Generic Poster
07-03-2007, 11:49 AM
*insert sarcastic League of Extraordinary Gentlemen comment here*

*insert agreement with sarcastic comment; imply that perhaps he made the wrong decision*

TheTravis!
07-03-2007, 11:50 AM
I imagine that reading it in monthly installments must of been pretty rough.
If you read it in trade form, this isn't so bad. In fact, it actually pays off nicely in context of the larger story.

I DID read it in monthly installments. And I never stopped loving the series for even one minute.

YouStayClassy
07-03-2007, 11:51 AM
*insert agreement with sarcastic comment; imply that perhaps he made the wrong decision*

:lol:

I still rigidly maintain my "it was actually a different James Robinson that wrote that movie" stance.

Doc Randy
07-03-2007, 11:52 AM
I think he could get as much work as he wanted. It's my understanding that he basically quit comics to go the screenwriter route.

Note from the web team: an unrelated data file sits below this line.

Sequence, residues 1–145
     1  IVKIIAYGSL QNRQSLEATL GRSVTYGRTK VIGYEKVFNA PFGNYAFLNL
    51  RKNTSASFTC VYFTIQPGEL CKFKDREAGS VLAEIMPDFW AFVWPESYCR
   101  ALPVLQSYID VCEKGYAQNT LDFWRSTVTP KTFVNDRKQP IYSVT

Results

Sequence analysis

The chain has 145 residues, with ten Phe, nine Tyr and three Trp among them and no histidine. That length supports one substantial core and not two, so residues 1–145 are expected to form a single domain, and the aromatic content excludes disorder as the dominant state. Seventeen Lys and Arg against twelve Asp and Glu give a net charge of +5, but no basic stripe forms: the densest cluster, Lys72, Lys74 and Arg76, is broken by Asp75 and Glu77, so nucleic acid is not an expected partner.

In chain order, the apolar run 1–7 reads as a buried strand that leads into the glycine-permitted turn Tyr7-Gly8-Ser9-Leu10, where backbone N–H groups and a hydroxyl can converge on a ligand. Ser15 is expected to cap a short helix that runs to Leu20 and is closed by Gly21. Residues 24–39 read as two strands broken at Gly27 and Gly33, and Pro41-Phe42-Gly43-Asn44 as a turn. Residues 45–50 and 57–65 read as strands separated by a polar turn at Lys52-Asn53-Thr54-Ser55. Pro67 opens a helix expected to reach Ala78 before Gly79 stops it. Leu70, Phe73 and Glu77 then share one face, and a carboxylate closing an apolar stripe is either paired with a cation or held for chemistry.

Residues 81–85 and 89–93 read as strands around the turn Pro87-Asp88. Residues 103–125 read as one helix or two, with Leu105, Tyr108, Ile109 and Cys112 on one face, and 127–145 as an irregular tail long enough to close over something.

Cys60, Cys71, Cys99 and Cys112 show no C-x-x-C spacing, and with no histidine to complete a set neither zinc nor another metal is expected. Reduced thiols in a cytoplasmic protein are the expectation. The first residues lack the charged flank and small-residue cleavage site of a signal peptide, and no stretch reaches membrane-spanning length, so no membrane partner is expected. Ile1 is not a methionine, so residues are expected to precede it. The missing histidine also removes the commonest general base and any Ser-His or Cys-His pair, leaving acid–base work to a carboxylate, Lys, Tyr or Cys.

Last I talked to him, he was working on the set of Spider-Man 3. I assume he just does a bunch of on-set screenwriting and rewrites.

Generic Poster
07-03-2007, 11:54 AM
Last I talked to him, he was working on the set of Spider-Man 3. I assume he just does a bunch of on-set screenwriting and rewrites.

*insert sarcastic comment blaming Robinson for Spider-dance scene*

YouStayClassy
07-03-2007, 11:57 AM
*insert sarcastic comment blaming Robinson for Spider-dance scene*

:rofl:

TheTravis!
07-03-2007, 11:58 AM
Sometimes genius comic book writers aren't exactly genius filmmakers.

See also: Robocop 2

YouStayClassy
07-03-2007, 12:01 PM
Sometimes genius comic book writers aren't exactly genius filmmakers.